In a couple of days?
But, she was so brave.
Or some storyteller.
“How many shirts are you wearing?” Wendy asked.
“I don’t know. Four? No, five.”
“It’s cold outside.”
“Randy, it’s in the forties. Seriously?”
“Well…I would much rather be hot than cold…I can always take a layer off. ” (I seldom do)
“Wimp, ” she said in a non judgmental tone.
“Why does it matter to you? I just don’t like being cold.”
“You look kinda lumpy.”
Well, I guess that may be true.
Couple of weeks later…
“I want you to take this IQ test,” she said, a little too enthusiastically.
“Oh, I am way too tired to take a test tonight. Maybe tomorrow.” Maybe she will forget.
The next day, we drove to McKinney, then Frisco, then back home, arriving home about 10:00.
Changed clothes, settled down on the couch before I began my customary nighttime doze off, and Wendy says, “Take that IQ test….You will probably do way better than me.”
I picked up the box, took the three packets of cards out.
The first was the instructions.
60 questions, 45 minutes, answer all the questions.
Plenty of time.
“Tell me when you’re ready. I will set the timer.”
Why was she so serious about this? Something is fishy.
I numbered my paper 1-60. “Okay, I’m ready.”
Man, I was streaking through the first few. Piece of cake.
Wait, what, what the heck does that mean?
I was stuck.
There were two questions alike, and I couldn’t really feel certain about any of the answers, so I answered them, put a star so I could go back, and moved on.
I remember feeling a little bit of stress…I do not like failing tests, and some of these questions were really tough…and Wendy…well…let’s just say we are both competitive.
Are you kidding? I kept getting stuck on questions.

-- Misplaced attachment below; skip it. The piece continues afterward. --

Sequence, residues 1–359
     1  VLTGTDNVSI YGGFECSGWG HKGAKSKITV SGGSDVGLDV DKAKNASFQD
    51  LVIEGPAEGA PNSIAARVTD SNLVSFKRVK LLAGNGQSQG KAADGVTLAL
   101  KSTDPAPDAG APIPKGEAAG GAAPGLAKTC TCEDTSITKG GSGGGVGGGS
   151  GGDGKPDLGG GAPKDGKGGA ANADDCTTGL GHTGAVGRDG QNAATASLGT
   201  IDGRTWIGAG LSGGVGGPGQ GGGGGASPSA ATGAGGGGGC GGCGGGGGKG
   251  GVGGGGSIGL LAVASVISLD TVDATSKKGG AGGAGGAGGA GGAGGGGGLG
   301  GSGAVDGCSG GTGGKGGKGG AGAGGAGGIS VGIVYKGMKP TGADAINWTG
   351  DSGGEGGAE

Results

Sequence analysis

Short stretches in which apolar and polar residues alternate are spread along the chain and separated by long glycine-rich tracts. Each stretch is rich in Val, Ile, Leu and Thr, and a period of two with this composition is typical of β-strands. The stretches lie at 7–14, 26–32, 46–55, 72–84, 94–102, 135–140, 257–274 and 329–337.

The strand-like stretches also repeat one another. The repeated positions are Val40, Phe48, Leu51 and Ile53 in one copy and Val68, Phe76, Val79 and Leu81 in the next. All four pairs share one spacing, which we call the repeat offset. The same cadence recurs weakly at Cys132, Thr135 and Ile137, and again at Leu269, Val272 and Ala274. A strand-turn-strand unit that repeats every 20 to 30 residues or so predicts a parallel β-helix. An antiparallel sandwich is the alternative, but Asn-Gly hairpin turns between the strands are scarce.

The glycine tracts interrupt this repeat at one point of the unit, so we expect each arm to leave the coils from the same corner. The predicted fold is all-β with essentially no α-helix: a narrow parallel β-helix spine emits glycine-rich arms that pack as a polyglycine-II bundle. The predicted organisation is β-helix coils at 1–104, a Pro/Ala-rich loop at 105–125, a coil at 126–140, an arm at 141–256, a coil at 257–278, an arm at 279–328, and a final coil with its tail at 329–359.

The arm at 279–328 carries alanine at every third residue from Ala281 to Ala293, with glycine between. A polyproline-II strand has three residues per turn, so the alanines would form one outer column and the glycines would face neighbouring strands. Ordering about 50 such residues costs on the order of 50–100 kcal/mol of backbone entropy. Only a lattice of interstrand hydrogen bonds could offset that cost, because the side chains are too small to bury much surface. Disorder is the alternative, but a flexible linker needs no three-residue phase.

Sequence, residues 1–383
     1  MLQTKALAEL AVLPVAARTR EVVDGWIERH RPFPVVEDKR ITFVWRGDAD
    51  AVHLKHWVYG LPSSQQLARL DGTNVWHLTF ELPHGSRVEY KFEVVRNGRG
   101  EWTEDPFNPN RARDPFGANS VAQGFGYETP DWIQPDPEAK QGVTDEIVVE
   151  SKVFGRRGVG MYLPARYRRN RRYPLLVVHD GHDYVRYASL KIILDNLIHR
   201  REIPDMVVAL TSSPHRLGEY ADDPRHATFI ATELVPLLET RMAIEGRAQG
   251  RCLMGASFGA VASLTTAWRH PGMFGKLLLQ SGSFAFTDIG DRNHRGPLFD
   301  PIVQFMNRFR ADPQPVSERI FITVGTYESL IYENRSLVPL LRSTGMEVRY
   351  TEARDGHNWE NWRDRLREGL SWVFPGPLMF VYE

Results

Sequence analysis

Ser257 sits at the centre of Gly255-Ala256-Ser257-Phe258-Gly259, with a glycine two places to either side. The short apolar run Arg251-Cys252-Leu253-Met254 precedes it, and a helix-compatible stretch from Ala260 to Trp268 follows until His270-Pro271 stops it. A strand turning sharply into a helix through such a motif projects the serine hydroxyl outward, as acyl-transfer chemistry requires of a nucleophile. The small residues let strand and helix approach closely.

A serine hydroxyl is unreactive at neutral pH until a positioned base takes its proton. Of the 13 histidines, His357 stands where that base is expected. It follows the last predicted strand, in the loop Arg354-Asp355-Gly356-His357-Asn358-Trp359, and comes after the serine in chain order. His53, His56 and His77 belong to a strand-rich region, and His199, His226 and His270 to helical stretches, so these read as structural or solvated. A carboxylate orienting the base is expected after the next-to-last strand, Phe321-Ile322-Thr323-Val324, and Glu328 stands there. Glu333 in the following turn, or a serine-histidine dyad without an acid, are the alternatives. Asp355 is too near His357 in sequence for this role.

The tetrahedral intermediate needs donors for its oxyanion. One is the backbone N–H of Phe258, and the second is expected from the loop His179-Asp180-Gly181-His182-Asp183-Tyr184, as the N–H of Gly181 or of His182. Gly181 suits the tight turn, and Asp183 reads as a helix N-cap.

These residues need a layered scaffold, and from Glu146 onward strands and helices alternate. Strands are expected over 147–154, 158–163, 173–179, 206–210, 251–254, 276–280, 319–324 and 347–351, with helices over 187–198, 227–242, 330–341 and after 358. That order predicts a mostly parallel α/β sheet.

I finished with 1 minute to spare.
“Okay,” she said, “now get the answer key and count your mistakes. Don’t read the correct ones yet…just mark the wrong answers.”
Why is she so controlling?
“I missed 8.” I told her my IQ. “How many did you miss?”
She wouldn’t look me in the eyes, but I could tell she was something other than disappointed.
Her IQ was two points higher than mine.
The next day….
I was trying to figure out how to raise the water pressure at the lake house. Wendy’s brother, Craig had told me something to try.
It wasn’t super cold, so I just had on a thermal shirt and my expensive Rice University hooded sweatshirt.
I turned the water on at the meter, then I had to walk past the neighbor’s devil dog to turn on the faucet.
Back past devil dog to meter to increase the pressure valve.
Back past devil dog to check on the faucet.
I wasn’t looking at him as he lunged at the fence, and as the fence lunged toward me, his head, now over the fence, bit me on the upper arm.
Didn’t hurt that much, but I could tell there was blood.
But, to be bit by a dog behind a fence when you are three feet away from the fence…how does that even happen?
Wendy drove up.
“The devil dog bit me…I need you to take a picture of my arm.”